Adam Liptak of the Times discusses the law behind the Plame investigation, and speculates about Robert Novak's situation:
Mr. Novak's role in the investigation has been a continuing mystery. Unlike the other five journalists involved in the case, Mr. Novak and his lawyer have declined to say a word about whether he is cooperating.
He has almost certainly been subpoenaed, and the available facts suggest he may have testified. Had he refused, his defiance would most likely have been followed by a public hearing for contempt of court like those held for other journalists.
Assuming he testified, though, why would his answers not have given Mr. Fitzgerald everything he needed? The answer may be that the officials who talked to Mr. Novak did not themselves have authorized access to information about Ms. Plame. In that case, the officials would not have committed a crime in talking to him.
In this situation, Mr. Fitzgerald would be seeking additional testimony from other journalists to determine whether their sources were authorized to know Ms. Plame's identity in the first place or to try to connect the dots between Mr. Novak's sources and whoever told them about Ms. Plame.
The notion that the Administration officials may have not committed a crime under this statute will come as a shock to some Times readers. Left unmentioned - the leakers may also be subject to more mundane laws against leaking classified information.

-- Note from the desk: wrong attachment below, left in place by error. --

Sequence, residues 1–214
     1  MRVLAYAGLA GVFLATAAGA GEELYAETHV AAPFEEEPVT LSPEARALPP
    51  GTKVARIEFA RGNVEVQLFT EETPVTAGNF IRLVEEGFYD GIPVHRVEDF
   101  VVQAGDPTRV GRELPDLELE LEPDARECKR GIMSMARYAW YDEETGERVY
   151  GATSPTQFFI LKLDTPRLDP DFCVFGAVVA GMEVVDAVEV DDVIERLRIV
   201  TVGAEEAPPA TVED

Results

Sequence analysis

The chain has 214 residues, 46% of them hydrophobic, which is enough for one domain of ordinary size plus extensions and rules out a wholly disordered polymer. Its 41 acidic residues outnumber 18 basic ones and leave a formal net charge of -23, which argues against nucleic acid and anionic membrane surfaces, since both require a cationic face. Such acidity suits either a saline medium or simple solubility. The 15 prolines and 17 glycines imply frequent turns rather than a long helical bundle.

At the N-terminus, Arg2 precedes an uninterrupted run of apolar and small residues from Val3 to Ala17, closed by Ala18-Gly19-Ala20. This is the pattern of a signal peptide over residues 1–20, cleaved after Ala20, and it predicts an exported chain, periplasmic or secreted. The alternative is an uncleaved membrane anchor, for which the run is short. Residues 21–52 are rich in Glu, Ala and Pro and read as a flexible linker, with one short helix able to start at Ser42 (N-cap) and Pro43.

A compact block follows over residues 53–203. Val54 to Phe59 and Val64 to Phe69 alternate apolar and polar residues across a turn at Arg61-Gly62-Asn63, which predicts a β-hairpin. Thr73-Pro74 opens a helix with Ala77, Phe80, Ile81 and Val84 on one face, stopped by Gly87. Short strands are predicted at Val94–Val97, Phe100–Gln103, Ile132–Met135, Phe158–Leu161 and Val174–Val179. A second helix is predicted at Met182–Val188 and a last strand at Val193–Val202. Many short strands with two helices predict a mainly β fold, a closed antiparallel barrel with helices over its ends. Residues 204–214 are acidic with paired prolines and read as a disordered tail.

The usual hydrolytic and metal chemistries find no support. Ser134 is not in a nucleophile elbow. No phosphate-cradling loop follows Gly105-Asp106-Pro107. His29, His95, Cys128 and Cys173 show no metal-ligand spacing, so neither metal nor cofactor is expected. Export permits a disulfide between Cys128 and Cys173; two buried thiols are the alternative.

And has Novak been subpoenaed? Liptak presents no evidence. As to why he might not have been, one might hypothesize that the prosecutor wants to nail down every other story and every other detail before going after Novak.
And to highlight the possibility of a HUGE disappointment for Times readers, we will reprint the Oct 12, 2003 account provided by Walter Pincus of his conversation with the leaker. If Novak's story is similar to this, a prosecution would seem to be very difficult:
On July 12, two days before Novak's column, a Post reporter was told by an administration official that the White House had not paid attention to the former ambassador's CIA-sponsored trip to Niger because it was set up as a boondoggle by his wife, an analyst with the agency working on weapons of mass destruction. Plame's name was never mentioned and the purpose of the disclosure did not appear to be to generate an article, but rather to undermine Wilson's report.
If the leaker did not name her, described her as a (non-covert) analyst, and did not intend to generate an article, proving that the leaker had both knowledge of Ms. Plame's covert status and the intent to out her may not be possible. Legal advice on this point is welcomed.